ISLAMABAD: The Pakistan Poultry Association (PPA) has asked the government, which is dealing with surplus stock of the commodity, to provide it with 40,000 tons of wheat at the price prevailing in the international market.
In a letter addressed to the Ministry of National Food Security and Research, the PPA said the wheat should be provided at the rate of Rs1,100 per 40kg – the price in the international market — and not at the support price fixed by the government, which is Rs1,300 per 40kg. The PPA said it needed the commodity to produce poultry feed.
An officer in the ministry shared that so far no decision has been taken in this regard, adding that the ministry will call a meeting of all stakeholders, including the Ministry of Finance, to discuss the issue and would write to the Pakistan Agricultural Storage & Services Corporation (PASSCO) for its comments.
The officer said that the demand appears to be rational. “We have surplus stock of wheat and want to dispose it off before the arrival of new crops by April,” the officer explained. According to statistics, the current wheat stock in Pakistan stands at around 7 million tons, compared to 6 million tons reported in the corresponding period last year. Alongside, surplus produce of wheat is expected during 2015-16 because of better water availability and affordable price of fertiliser due to government subsidy.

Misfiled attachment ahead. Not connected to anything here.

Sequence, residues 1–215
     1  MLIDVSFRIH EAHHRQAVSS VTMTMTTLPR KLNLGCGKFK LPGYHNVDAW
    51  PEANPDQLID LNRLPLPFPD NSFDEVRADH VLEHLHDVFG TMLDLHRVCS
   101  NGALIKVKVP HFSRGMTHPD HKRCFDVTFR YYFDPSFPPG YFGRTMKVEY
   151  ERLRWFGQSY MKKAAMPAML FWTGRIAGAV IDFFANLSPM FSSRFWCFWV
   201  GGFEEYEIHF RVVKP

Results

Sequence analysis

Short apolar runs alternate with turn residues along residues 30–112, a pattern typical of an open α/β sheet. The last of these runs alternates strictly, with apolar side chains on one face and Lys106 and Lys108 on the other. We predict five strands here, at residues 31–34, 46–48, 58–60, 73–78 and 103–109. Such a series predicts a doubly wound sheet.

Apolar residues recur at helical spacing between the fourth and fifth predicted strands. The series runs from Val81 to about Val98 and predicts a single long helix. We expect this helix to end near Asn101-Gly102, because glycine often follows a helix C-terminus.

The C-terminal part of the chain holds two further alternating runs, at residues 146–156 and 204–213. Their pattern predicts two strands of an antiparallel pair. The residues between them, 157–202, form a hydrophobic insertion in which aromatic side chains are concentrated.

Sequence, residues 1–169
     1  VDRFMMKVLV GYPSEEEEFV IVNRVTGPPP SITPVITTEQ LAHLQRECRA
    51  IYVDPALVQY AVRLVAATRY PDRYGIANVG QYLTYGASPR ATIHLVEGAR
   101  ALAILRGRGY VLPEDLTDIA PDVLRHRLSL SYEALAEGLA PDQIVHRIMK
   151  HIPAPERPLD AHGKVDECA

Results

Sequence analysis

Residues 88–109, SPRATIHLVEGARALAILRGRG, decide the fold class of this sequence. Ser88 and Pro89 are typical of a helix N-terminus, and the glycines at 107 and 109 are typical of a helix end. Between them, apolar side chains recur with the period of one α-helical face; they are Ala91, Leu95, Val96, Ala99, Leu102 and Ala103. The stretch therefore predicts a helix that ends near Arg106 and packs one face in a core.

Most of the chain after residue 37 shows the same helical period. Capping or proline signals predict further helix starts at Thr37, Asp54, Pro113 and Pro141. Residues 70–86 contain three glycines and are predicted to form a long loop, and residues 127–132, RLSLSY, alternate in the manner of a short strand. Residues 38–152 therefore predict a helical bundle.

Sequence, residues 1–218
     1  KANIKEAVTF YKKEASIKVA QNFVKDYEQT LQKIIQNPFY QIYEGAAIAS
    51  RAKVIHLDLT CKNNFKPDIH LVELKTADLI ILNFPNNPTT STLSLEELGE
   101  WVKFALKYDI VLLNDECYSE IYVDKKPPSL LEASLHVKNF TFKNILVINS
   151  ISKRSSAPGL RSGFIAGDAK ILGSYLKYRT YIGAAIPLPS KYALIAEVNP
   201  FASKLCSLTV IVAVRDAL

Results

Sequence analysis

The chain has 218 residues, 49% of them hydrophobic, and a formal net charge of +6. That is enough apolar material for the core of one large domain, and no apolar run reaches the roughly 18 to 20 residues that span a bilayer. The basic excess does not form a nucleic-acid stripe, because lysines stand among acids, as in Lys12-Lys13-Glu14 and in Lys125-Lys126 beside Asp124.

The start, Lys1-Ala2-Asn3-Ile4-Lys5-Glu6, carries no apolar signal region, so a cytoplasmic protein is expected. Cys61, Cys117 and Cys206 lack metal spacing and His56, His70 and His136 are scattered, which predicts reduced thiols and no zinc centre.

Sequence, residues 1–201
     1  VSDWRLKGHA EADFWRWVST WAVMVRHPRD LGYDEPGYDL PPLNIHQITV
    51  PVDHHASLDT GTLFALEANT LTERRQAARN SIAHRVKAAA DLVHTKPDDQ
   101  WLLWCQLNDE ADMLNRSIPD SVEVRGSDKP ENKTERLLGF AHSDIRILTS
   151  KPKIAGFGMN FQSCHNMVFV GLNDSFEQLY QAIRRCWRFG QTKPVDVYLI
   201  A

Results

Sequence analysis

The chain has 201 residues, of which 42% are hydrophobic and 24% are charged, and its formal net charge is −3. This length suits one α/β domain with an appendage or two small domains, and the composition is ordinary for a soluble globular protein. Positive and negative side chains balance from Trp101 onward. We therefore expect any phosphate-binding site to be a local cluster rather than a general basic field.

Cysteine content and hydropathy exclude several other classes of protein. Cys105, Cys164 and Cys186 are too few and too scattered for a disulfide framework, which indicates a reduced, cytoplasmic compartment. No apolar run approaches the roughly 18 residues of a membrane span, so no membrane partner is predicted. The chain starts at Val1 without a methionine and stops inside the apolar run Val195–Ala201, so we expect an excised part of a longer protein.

Besides granting permission to the exporters to export wheat, the government offered subsidy on exports and the deadline has been extended till March.
Meanwhile, due to low international price, the government of Punjab and Sindh could only manage to export of 232,000 tons and 94,000 tons of wheat so far.
The Punjab government and the commerce ministry were against the extension of the export subsidy deadline because of the apprehension that actual export may not take place and the subsidised wheat may be offered in the local market. Nonetheless, the government extended the deadline on the insistence of food ministry and Sindh government.
Source: The Express Tribune